Ubuntu Desktop Weekly Update: June 16, 2017

Ubuntu | canonical.com - Sat, 06/17/2017 - 00:13

GNOME
  • Further theme fixes have been made in Artful to get GNOME Shell and Ambiance looking just right.
  • Network Manager is updated to 1.8. It is currently awaiting the resolution of some test issues before it migrates to the release, but that should take place in the coming days.
  • GNOME Terminal received a small fix to make it easier to create custom terminals. Andy Whitcroft from the kernel team blogs about it here
LivePatch

Work is continuing on the Live Patch client UI. We can now install, enable and disable the Live Patch Snap from the Software Properties window. Next up will be showing notifications when the Live Patch service is protecting your computer.

Snaps
  • GNOME Software now works with the Snap Store to show promoted Snaps, or “Editors Picks”. This is released into Artful and other supported releases will follow.
  • We debugged and fixed some desktop Snap theming issues. There were some file sharing changes needed in snapd in the “Unity7” interface (which will need renaming) and these are now merged. More fixes to the desktop launcher scripts were done to provide further default theming, and these were added to the GNOME Platform Snap as well.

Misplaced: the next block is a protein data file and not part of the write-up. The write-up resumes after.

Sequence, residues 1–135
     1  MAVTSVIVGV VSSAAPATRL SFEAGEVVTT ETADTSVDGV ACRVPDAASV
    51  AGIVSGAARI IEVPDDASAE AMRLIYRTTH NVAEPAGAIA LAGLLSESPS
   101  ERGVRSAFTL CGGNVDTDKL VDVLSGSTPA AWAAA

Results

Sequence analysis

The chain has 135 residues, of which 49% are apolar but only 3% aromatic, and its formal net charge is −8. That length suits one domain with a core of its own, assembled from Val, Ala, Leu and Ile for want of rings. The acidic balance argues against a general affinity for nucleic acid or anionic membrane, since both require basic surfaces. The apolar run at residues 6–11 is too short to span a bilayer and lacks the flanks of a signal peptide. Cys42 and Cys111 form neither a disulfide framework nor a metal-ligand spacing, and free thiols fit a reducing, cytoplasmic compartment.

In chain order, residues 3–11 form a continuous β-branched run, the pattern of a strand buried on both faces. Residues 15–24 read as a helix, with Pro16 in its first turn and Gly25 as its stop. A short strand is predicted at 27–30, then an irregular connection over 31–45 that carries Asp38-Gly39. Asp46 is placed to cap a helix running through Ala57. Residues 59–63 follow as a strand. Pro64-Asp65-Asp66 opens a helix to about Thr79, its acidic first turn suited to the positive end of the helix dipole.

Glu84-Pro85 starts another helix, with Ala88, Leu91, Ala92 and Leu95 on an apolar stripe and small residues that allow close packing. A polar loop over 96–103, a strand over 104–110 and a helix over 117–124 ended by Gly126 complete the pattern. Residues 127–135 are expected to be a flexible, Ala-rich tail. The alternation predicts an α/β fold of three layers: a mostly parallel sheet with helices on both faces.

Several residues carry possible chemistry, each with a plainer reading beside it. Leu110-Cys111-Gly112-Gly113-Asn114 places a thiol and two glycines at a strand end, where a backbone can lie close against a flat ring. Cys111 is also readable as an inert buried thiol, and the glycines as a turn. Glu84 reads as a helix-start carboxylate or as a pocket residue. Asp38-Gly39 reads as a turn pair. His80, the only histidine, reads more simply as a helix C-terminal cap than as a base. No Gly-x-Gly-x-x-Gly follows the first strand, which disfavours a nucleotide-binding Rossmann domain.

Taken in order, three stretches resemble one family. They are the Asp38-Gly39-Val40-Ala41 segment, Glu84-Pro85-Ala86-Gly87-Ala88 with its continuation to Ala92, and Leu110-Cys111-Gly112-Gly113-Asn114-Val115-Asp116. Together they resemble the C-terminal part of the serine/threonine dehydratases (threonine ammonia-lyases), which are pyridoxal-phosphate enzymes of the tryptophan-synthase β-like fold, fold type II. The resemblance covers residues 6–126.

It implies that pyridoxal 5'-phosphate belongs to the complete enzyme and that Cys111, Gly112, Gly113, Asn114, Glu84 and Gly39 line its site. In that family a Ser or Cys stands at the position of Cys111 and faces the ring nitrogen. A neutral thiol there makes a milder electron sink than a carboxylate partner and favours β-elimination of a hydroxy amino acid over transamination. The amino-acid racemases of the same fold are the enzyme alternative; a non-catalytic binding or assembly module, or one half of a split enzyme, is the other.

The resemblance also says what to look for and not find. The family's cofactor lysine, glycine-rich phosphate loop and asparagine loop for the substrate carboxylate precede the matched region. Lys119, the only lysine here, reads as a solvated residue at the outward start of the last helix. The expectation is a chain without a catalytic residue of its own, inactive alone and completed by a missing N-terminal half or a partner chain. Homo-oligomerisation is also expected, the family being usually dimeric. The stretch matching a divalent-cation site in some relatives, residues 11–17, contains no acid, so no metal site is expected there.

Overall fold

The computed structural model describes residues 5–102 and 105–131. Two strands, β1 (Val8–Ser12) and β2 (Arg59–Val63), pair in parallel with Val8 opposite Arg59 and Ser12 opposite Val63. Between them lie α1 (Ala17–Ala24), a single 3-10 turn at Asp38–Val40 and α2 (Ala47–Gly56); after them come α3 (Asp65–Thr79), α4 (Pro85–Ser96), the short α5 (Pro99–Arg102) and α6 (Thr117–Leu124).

• James Henstridge has been working on getting Snaps to work with Portals, and he’s making great progress. You can read more about it, and how to test it, here:
    https://forum.snapcraft.io/t/xdg-desktop-portal-proof-of-concept-demo/1027
QA

We’re reviewing and updating the desktop test plan. Once this is finalised (due next week) we’ll be announcing a call-for-testing programme with small, quick tests you can perform regularly and feedback your findings. This will help us to ensure the overall quality of the desktop images is kept high throughout the development cycle. More on this soon.

We’re also running our automated tests on real hardware with Intel, Nvidia and AMD graphics cards to cover the main bases.

Video Acceleration